Eleanor Taylor Bland’s highly successful Marti MacAlister series reflects the standard elements of the police procedural: the faith in tireless investigation and the momentum toward resolution via insight, rather than intuition, and the reaching of an inevitable conclusion based on common sense and legwork. However, Bland’s character, Marti MacAlister, broke new ground as an African American woman. Because the series has a modern time frame, MacAlister faces only subtle discrimination and the occasional off-putting remark, and her commitment to police work ensures her the respect of her colleagues. Given the two partners’ diverse backgrounds, the series affirms the viability of multiculturalism in the workplace. A strong feminist role model, MacAlister has come to terms with the death of a husband, the responsibilities of two children, and ultimately the complex emotional experience of a remarriage and stepchildren.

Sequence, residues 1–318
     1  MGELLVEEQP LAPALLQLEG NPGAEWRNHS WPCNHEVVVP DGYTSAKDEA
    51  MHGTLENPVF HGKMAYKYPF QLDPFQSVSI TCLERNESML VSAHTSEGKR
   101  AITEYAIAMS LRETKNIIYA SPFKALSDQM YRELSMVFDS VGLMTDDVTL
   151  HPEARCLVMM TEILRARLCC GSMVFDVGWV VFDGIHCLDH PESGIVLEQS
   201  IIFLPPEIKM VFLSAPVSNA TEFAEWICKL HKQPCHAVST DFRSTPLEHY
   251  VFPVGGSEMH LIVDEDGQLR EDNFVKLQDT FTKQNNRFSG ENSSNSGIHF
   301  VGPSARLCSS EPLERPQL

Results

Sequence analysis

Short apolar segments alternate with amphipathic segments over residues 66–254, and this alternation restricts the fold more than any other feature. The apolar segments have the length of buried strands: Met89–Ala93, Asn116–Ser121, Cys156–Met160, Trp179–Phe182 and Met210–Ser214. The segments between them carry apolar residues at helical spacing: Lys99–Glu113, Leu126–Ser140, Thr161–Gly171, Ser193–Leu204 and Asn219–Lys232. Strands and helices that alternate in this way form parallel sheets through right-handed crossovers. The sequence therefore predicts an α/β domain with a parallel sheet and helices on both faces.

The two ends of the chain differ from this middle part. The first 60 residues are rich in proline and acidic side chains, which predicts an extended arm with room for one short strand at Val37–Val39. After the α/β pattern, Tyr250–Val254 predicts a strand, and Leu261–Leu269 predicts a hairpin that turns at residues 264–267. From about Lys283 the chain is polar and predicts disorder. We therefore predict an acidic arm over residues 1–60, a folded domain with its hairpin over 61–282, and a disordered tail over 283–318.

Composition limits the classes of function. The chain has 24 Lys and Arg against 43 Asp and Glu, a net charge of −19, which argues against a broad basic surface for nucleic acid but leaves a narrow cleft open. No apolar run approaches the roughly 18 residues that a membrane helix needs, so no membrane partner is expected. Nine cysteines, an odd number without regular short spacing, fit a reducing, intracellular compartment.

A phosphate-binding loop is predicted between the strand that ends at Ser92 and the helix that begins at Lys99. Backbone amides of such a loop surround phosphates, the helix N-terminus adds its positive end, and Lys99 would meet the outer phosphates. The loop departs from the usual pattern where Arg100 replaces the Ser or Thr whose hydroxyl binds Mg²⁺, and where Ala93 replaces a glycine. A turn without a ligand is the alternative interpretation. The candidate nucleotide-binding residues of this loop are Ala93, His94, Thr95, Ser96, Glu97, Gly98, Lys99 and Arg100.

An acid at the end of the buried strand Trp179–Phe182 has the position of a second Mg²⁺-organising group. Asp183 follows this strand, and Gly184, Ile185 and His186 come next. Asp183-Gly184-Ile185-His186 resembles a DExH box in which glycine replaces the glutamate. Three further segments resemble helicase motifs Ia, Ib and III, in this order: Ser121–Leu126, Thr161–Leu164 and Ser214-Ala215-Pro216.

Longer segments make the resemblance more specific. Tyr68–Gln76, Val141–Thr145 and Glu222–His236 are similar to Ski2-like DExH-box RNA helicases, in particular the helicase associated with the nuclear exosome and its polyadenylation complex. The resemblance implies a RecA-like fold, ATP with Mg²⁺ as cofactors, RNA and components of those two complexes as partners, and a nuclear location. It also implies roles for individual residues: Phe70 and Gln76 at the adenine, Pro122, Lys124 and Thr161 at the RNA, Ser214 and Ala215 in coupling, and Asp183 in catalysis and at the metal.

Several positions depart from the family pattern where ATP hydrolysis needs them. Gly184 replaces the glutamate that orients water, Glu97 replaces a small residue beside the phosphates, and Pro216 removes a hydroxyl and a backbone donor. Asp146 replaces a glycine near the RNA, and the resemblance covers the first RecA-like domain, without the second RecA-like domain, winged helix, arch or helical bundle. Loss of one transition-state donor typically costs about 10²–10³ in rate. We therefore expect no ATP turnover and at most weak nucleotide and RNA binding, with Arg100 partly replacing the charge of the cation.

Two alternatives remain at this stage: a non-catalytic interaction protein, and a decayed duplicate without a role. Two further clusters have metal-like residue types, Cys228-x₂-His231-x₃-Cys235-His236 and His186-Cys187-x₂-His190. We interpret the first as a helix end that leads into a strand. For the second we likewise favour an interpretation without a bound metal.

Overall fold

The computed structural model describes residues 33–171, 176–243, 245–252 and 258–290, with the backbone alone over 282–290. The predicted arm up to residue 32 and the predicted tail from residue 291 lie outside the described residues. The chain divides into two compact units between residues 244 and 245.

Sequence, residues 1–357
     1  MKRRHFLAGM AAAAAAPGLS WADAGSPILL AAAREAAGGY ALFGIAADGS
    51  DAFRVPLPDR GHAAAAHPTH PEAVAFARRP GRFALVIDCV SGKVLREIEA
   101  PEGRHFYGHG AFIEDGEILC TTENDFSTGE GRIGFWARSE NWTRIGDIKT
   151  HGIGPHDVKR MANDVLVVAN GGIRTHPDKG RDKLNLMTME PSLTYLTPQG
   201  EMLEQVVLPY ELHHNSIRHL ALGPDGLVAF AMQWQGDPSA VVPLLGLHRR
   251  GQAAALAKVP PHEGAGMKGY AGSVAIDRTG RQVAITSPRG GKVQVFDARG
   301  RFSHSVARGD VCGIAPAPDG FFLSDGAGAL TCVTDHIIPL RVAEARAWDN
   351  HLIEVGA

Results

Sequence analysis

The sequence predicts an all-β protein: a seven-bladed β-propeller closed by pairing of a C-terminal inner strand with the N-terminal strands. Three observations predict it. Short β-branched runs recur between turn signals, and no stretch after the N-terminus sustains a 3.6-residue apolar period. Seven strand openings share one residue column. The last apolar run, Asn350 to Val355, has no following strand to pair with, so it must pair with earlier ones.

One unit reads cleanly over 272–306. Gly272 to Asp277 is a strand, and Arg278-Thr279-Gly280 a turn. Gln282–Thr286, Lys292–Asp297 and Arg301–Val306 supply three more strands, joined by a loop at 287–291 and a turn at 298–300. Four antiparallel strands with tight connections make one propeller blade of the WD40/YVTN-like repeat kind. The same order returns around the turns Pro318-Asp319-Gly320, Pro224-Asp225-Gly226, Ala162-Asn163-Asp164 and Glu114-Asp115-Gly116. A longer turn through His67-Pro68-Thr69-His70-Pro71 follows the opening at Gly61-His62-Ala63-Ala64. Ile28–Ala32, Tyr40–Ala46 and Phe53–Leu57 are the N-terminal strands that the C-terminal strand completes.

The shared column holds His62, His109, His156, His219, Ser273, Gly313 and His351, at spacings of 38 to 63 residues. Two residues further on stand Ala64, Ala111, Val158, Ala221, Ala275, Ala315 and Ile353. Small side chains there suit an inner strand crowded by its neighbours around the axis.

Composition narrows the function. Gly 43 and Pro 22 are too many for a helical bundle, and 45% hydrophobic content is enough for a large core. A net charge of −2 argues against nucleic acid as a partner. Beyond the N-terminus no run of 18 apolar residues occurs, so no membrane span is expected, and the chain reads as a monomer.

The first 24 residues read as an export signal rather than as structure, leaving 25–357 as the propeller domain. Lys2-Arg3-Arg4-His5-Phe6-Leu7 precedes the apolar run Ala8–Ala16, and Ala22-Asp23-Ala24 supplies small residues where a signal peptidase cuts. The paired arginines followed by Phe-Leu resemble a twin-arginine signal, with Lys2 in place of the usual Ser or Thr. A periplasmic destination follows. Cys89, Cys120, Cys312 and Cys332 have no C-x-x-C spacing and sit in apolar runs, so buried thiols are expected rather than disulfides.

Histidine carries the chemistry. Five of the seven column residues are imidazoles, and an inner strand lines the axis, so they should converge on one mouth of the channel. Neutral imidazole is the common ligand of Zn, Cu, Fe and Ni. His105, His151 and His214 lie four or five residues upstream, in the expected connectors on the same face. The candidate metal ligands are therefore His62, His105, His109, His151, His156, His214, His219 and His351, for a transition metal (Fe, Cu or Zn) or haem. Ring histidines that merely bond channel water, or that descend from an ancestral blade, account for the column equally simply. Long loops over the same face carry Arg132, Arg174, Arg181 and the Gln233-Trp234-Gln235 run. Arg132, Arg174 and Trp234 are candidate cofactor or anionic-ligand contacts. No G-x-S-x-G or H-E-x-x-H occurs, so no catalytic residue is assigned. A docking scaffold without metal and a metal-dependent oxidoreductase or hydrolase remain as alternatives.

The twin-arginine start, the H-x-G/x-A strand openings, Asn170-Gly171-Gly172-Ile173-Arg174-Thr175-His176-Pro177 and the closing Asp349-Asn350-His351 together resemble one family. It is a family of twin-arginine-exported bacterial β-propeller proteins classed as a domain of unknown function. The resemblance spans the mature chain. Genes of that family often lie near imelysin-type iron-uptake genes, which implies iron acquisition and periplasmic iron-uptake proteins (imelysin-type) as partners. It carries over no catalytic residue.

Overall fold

What further distinguishes the MacAlister series is its commitment to pressing social issues and its unflagging sympathy for those who are voiceless victims of social and economic distress—abused women and children, the homeless, the mentally ill, alcoholics, drug addicts, the unemployed, and the elderly.